Location: Poultry Production and Product Safety ResearchTitle: A neurochemical biogeography of the broiler chicken intestinal tract
|Lyte, Joshua - Josh|
|MARTINEZ, DIEGO - University Of Arkansas|
|Donoghue, Ann - Annie|
|DANIELS, KARRIE - Iowa State University|
|LYTE, MARK - Iowa State University|
Submitted to: Poultry Science
Publication Type: Peer Reviewed Journal
Publication Acceptance Date: 12/10/2021
Publication Date: 3/1/2022
Citation: Lyte, J.M., Martinez, D.A., Robinson, K., Donoghue, A.M., Daniels, K.M., Lyte, M. 2022. A neurochemical biogeography of the broiler chicken intestinal tract. Poultry Science. 101(30). Article 101671. https://doi.org/10.1016/j.psj.2021.101671.
Interpretive Summary: Microbial endocrinology is a field of research that is focused on how the host (i.e. the animal) communicates at a molecular level with microorganisms (e.g. bacteria) through neurochemicals. Some bacteria, such as Campylobacter jejuni or Salmonella, can be found in the chicken gut and are known foodborne pathogens in people. In addition, many of these foodborne pathogen-relevant bacteria respond to neurochemicals, therefore emphasizing the need to understand how in the chicken gut do neurochemicals influence host-microbe interactions. While it has been known for decades that neurochemicals are produced in the chicken intestinal tract, little is known how different regions of the gut may differ in what neurochemical are present, or at what concentrations they are found. Along the length of the gut are many different physiological regions, and specific bacteria often have special strategies to infect or colonize only certain areas of the gut. It is therefore critically important to identify concentrations of neurochemicals in each intestinal region in order to better understand what neurochemical host-microbe interactions may be occurring in each region of the gut. This would allow the design of tailored region-specific neuorchemical-based strategies to eliminate foodborne pathogen bacteria in the chicken gut, and improve consumer food safety of poultry products. We therefore investigated the neurochemical concentrations of each major intestinal region of the chicken intestinal tract. We identified that what neurochemicals are present and at what concentrations are often unique to different areas of the gut. This information provides an important foundation for poultry researchers in the design of neurochemical-based strategies to improve food safety of poultry products through the elimination of foodborne bacteria in the chicken gut.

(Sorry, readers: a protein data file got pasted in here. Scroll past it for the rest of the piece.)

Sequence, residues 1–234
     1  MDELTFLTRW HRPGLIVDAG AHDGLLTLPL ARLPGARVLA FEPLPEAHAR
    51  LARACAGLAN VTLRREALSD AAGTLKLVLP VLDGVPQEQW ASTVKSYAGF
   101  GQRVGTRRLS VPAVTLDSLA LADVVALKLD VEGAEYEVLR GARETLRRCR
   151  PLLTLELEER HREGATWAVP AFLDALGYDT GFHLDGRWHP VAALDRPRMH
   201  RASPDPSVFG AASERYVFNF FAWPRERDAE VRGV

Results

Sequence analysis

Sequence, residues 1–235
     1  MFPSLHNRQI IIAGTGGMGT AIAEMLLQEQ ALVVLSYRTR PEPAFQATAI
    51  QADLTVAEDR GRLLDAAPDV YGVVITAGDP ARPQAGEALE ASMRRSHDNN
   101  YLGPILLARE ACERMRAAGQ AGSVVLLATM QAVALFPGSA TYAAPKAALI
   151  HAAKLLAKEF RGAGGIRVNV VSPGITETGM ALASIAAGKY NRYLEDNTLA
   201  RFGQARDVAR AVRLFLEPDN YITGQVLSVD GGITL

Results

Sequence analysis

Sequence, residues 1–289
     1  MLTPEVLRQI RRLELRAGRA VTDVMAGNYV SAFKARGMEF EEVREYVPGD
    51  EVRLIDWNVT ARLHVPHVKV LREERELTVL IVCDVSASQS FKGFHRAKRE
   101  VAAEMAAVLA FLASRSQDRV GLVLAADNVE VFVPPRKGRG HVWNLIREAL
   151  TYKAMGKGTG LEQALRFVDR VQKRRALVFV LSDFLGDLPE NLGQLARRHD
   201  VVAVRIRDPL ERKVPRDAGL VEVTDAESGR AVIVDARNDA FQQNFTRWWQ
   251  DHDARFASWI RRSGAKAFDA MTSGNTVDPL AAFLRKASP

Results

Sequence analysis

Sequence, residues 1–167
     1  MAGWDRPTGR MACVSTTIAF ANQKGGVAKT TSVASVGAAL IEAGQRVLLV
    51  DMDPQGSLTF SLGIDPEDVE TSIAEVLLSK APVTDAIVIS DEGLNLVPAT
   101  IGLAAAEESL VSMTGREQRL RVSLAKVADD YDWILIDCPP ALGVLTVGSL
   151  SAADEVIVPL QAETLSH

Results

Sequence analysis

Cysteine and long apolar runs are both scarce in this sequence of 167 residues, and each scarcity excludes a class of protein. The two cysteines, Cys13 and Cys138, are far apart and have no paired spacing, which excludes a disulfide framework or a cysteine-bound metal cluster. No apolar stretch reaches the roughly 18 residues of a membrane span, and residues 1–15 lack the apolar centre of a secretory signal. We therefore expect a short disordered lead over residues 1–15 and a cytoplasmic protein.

Technical Abstract: The study of neurochemical-based interkingdom signaling and its impact on host-microbe interaction is called microbial endocrinology. Neurochemicals play a recognized role in determining bacterial colonization and interaction with the gut epithelium. While much attention has been devoted to the determination of neurochemical concentrations in the mammalian gut to better understand tissue and region-specific microbial endocrinology-based mechanisms of host-microbe interaction, little is known regarding the biogeography of neurochemicals in the avian gut. Greater resolution of avian gut neurochemical concentrations is needed, especially as recent microbial endocrinology-based investigations into bacterial foodborne pathogen colonization of the chicken gut have demonstrated neurochemicals to affect Campylobacter jejuni and Salmonella spp. in vivo and in vitro. The aim of the present study was to determine the concentrations of stress-related neurochemicals in the tissue and luminal content of the duodenum, jejunum, ileum, cecum, and colon of the broiler intestinal tract, and to investigate if this biogeography changes with age of the bird. While all neurochemicals measured were detected in the intestinal tract, many displayed differences in regional concentrations. Whereas the catecholamine norepinephrine was detected in each region of the intestinal tract, epinephrine was present only in the cecum and colon. Likewise, dopamine, and its metabolite 3,4-dihydroxyphenylacetic acid were found in the greatest quantities in the cecum and colon. Serotonin and histamine were identified in each gut region. Region-specific age-related changes were observed (P<0.05) for serotonin, its metabolite 5-hydroxyindole acetic acid as well as for histamine. Several neurochemicals, including norepinephrine, were found in the contents of each gut region. Epinephrine was not detected in the gut content of any region. Salsolinol, a microbial-produced neuroactive compound was detected in the gut content but not in tissue. Together, our data establish a neurochemical biogeography of the broiler chicken intestinal tract. By providing researchers with a region-by-region map of in vivo gut neurochemical concentrations of a modern broiler chicken breed, this neurochemical map is expected to inform future investigations that seek to utilize avian enteric neurochemistry.